Theatre is a collaborative art form. It takes a whole team of people to take a play from page to stage. All too often though, we only pay attention to the people performing onstage. Those who work backstage go unseen by the audience, and it is difficult to know just what they do, and what career opportunities exist.
Using Bristol Old Vic’s archives held at the University of Bristol Theatre Collection, Making A Scene (funded by the Museums Association Digital Innovation and Engagement fund) aims to fill this knowledge gap by giving young people across Bristol the chance to peek behind the curtain….
These blogs, written by staff involved in the project from the University of Bristol Theatre Collection, Bristol Old Vic and Zubr, a Bristol based Augmented Reality and Virtual Reality studio, are a behind the scenes look at the process of creating this behind the scenes resource.
Alongside creating an augmented reality resource for users to creatively re-imagine Babes in the Wood, we have been creating a physical book which allows for an in-depth exploration of the backstage documents created during the original run.
The original Babes in the Wood prompt script functions as an archive of the entire show from start to finish and our Making A Scene book is essentially a replica of it, into which we’ve woven a lot of additional content from the wider production archive. We’ve made some judicious edits (no one really wants to sit and read through a hundred show reports, hilarious as they often are) but the experience of leafing through the book is as close to going into the Theatre Collection and looking through the entire archive as we could make it.
Key pages of the prompt script had already been digitised as part of a previous heritage partnership project between Bristol Old Vic and the Theatre Collection. So rather than having to start from scratch, Athene and I simply had to compile and curate what we already had and find additional documents to fill in any gaps where we came across them. This was done in close collaboration with Sarah at the Theatre Collection and the team at Zubr, so we could make sure we had corresponding and contextual documents for each asset that had been 3D scanned for use in the augmented reality app.
Set design by Colin Winslow, Babes in the Wood, Bristol Old Vic Company (2000). BOV/3/2/732/1/2
Keeping our target audience of 16-25yrs olds in mind, we were also guided by the GCSE and A Level drama curricula. The backstage roles mentioned most frequently in the GCSE curriculum are: set designer; costume designer; lighting designer; sound designer and stage manager. We therefore decided to focus the content for the book around these roles. Rather than keeping the prompt script in its original, slightly haphazard, order we created a separate chapter for each role and divided the documents between them. Within each chapter the documents are laid out in chronological order so readers can trace the entire production journey from start to finish. The curriculum mentions that students should be able to demonstrate knowledge of the activities each creative professional undertakes on a day-to-day basis, so we made sure to include shopping lists, meeting minutes and handwritten first drafts of hanging plots, alongside the more obviously ‘big ticket attractions’ like costume designs or stage plans.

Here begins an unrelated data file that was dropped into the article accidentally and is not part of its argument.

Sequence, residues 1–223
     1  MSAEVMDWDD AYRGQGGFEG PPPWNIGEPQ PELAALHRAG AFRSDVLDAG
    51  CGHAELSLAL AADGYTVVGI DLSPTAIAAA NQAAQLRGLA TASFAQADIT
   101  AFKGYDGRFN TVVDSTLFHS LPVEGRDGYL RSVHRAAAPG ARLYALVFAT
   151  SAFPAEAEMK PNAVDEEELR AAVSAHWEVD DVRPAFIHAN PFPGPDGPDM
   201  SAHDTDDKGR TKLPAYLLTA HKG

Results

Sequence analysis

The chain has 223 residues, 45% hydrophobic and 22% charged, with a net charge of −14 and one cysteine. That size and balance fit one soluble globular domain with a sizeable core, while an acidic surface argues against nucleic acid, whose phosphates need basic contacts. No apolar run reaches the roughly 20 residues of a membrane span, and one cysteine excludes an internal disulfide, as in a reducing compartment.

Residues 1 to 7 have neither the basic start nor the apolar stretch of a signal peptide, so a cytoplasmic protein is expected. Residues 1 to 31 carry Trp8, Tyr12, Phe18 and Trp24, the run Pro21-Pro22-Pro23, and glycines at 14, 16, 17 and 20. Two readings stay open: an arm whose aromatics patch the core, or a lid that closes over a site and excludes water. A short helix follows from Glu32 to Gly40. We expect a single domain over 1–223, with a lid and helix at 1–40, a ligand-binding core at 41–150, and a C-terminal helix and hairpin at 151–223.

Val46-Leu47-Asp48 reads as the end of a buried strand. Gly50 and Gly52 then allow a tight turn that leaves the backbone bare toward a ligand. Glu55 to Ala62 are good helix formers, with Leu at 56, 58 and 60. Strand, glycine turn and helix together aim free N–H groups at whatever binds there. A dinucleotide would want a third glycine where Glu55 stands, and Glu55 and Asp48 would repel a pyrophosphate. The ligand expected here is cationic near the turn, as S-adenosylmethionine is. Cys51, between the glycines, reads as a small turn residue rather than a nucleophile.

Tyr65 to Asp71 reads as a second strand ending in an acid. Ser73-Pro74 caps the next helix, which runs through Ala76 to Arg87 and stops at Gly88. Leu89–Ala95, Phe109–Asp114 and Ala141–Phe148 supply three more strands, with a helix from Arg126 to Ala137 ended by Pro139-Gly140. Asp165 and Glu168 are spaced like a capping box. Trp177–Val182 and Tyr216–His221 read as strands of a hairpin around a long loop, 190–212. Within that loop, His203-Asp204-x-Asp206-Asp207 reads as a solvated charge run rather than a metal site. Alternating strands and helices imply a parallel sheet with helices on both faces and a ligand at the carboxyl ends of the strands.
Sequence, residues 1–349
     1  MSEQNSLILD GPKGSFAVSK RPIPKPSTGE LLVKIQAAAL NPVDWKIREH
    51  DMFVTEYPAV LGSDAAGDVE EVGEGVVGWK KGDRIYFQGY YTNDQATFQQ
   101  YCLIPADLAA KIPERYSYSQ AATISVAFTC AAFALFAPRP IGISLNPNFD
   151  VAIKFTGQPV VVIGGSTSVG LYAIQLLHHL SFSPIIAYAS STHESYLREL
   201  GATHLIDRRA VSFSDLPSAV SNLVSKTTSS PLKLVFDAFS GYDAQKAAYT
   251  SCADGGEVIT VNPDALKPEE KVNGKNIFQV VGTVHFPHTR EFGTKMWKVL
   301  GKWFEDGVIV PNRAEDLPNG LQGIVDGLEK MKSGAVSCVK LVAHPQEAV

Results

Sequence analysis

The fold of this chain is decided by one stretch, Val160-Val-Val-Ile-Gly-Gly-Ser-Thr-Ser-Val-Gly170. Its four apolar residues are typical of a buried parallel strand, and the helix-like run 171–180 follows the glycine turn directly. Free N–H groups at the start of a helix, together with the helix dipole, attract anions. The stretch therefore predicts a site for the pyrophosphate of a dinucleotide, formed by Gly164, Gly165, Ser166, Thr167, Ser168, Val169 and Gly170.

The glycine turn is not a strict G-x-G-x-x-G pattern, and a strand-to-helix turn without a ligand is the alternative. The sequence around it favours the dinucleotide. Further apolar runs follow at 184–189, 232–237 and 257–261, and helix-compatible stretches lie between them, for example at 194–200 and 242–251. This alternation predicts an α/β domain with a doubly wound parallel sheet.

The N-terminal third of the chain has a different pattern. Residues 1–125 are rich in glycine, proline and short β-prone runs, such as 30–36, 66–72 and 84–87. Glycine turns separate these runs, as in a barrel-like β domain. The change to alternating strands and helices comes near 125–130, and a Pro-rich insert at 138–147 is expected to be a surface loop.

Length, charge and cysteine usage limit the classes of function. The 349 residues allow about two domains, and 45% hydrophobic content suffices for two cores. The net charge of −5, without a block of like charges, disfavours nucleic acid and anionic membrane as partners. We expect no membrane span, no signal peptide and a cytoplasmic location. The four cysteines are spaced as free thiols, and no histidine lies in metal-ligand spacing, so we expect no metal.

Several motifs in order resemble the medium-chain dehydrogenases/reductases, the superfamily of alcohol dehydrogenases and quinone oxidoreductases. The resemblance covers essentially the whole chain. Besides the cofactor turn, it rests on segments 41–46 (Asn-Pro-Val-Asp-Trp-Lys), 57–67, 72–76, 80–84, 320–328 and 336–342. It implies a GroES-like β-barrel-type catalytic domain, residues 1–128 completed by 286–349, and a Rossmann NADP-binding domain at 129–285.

Rehearsal notes, Babes in the Wood, Bristol Old Vic Company (2000). BOV/3/2/732/1/1
Fly plot, Babes in the Wood, Bristol Old Vic Company (2000). BOV/3/2/732/1/1
We also wrote an introduction to each chapter with background information about each role and what it involves.
It was while putting this content together that the benefits of choosing a production within living memory became clear to us. Over the course of the project we have had amazing conversations with several members of the original creative team. These conversations formed the basis of our chapter introductions and added further insight into what each backstage role really involves. Sue Mayes, who designed the costumes for Babes in the Wood, spoke to us about the importance of allowing performers to have input into their own costumes and the issues this can sometimes cause. For example, pantomime dame Chris Harris insisted on only wearing Dr Marten boots, which were well above Sue’s budget. And Amanda Adams, who was a member of the stage management team, demonstrated exactly why they are known as the glue which holds a production together by revealing that she went onstage at the last minute when the actress playing Fairy Tweep fell ill!
Costume design by Sue Mayes, Babes in the Wood, Bristol Old Vic Company (2000). BOV/3/2/732/5
Theatre is a live art form. What happens on stage will never happen again. But we hope that based on our work everyone using Making A Scene will get a sense of what it takes to bring a production like Babes in the Wood to life.
The finished book will be accessible on several levels. You will be able to sit and pore over it for hours, absorbing every intricate detail of a prop design or anecdote in a show report. It is also a resource young people can actively engage with by creating their own designs in augmented reality using the models Sarah has digitised and the app Zubr are creating. Amy from Zubr will be talking more about the process of creating the app in the next project blog.